Bare necessity? Facebook asks potential revenge porn victims to upload images

Facebook is conducting trials of a new preventative measure to combat revenge porn in Australia. The social media giant is requesting that those who consider themselves vulnerable to such tactics pre-emptively upload their images to the social network. While it might seem counter-intuitive, such a solution would let Facebook, and by extension, the uploader, get ahead of the problem.

Revenge pornography has been a growing problem for years, especially on Facebook, with often inefficient tools, like copyright law, available to take down the images long after they’ve been shared. Facebook is looking to do something much more proactive to prevent the practice in the future, and hopes that people who have the potential to be affected will trust its A.I.-driven system to combat it.

The theory behind the new technique is that someone who knows that there are nude or compromising images of them in the hands of someone who may upload those images can block them from being uploaded. This would not be done in the same manner as some celebrities have by releasing the images to the public, but by uploading the image to Facebook privately, the social network can “hash” the media, effectively marking duplicates of that image for immediate takedown should someone else attempt to upload them.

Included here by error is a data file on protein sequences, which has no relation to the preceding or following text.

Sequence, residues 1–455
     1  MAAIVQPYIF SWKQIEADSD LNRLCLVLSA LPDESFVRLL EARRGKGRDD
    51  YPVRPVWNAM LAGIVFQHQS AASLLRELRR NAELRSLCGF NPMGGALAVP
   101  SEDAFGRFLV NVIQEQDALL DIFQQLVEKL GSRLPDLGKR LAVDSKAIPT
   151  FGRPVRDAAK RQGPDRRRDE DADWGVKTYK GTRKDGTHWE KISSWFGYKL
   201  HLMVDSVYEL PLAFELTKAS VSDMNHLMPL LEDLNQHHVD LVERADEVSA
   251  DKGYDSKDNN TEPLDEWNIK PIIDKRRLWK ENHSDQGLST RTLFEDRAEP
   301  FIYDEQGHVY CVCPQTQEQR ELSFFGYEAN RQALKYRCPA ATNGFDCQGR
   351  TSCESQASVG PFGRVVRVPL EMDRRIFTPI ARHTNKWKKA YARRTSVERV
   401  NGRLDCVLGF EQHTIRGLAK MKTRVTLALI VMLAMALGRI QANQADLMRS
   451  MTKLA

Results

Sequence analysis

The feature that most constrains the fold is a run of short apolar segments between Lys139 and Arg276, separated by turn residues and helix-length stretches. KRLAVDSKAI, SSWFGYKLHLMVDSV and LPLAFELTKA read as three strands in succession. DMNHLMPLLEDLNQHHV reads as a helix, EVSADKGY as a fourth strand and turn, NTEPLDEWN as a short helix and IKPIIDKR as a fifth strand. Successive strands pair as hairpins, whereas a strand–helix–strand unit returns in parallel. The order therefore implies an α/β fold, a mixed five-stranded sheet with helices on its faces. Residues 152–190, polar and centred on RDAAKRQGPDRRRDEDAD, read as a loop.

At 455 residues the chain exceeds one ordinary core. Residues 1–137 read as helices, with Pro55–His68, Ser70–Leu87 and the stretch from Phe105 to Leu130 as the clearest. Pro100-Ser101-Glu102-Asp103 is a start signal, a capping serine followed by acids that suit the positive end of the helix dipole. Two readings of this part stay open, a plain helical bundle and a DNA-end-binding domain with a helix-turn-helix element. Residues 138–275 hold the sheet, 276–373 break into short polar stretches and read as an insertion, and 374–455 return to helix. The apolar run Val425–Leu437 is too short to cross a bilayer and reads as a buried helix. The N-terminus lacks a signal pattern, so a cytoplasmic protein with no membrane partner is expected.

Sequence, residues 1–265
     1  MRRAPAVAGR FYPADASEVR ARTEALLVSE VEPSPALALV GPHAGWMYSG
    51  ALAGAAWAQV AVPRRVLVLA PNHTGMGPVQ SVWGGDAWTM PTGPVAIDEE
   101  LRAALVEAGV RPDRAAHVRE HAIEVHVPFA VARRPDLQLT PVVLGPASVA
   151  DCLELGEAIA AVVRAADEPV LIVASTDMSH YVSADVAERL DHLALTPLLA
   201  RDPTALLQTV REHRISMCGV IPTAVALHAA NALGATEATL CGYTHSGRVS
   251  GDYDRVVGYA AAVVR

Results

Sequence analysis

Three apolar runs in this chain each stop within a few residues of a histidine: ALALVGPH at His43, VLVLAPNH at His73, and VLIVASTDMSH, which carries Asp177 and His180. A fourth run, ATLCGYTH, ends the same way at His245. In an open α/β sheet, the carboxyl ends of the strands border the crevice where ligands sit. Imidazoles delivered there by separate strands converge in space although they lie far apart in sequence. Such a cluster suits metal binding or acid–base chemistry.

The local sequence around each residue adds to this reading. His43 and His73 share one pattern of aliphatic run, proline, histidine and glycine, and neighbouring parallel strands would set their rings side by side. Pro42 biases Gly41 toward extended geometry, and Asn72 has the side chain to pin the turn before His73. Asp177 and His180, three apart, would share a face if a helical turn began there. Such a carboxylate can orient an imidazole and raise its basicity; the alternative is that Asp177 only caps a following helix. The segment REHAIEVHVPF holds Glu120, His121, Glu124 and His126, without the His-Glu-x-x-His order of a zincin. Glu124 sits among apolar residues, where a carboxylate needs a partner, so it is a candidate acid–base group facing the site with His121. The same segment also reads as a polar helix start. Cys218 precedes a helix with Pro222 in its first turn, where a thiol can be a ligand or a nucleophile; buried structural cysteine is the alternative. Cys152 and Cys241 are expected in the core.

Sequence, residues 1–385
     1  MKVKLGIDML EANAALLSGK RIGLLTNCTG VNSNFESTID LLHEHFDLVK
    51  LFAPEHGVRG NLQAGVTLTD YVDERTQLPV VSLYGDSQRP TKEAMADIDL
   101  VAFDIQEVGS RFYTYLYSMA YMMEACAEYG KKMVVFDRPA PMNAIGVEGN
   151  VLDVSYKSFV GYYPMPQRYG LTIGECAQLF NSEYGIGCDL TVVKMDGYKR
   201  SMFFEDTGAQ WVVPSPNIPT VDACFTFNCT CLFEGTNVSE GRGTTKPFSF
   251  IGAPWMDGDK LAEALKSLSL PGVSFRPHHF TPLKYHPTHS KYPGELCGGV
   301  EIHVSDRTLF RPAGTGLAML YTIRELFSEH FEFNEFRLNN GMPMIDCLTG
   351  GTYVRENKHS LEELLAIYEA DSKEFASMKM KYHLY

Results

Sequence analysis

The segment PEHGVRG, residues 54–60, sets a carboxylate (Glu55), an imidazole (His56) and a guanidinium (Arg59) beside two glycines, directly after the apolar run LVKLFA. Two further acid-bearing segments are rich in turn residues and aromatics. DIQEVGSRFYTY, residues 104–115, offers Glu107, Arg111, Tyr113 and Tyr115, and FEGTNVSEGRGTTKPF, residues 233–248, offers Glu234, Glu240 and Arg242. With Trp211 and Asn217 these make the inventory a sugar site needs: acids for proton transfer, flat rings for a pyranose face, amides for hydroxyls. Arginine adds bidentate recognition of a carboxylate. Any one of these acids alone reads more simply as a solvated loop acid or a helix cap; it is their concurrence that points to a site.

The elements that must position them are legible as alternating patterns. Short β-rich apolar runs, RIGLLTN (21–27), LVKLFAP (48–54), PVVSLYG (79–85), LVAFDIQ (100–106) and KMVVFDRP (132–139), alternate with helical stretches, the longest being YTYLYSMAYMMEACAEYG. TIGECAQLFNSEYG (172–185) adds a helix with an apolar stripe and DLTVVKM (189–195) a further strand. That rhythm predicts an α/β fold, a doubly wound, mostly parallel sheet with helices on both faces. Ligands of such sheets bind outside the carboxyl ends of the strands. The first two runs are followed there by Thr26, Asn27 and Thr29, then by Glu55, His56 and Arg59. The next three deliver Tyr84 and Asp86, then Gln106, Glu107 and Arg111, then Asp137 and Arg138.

Developed in conjunction with the Australian e-Safety Commissioner, the service will apply across all Facebook platforms, including Facebook itself, its Messenger application and Instagram.

The recommended course of action for any Australians who feel they may be at risk of revenge porn, is to get in touch with the e-Safety Commissioner to discuss the situation. In some cases, the Commissioner will recommend that the user send the nude images to themselves on Facebook Messenger. Once sent, Facebook will mark the image and will then prevent it from being uploaded again.

The Commissioner clarified, via ABC, that Facebook would not store the image and no human eyes would view it. Instead, Facebook’s machine-learning algorithm will take note of the image and add its hash to the database of already blocked images.

Australia is one of four countries said to be taking part in the trial, though ABC didn’t reveal the other three. If the scheme proves successful, it may be rolled out the world over.

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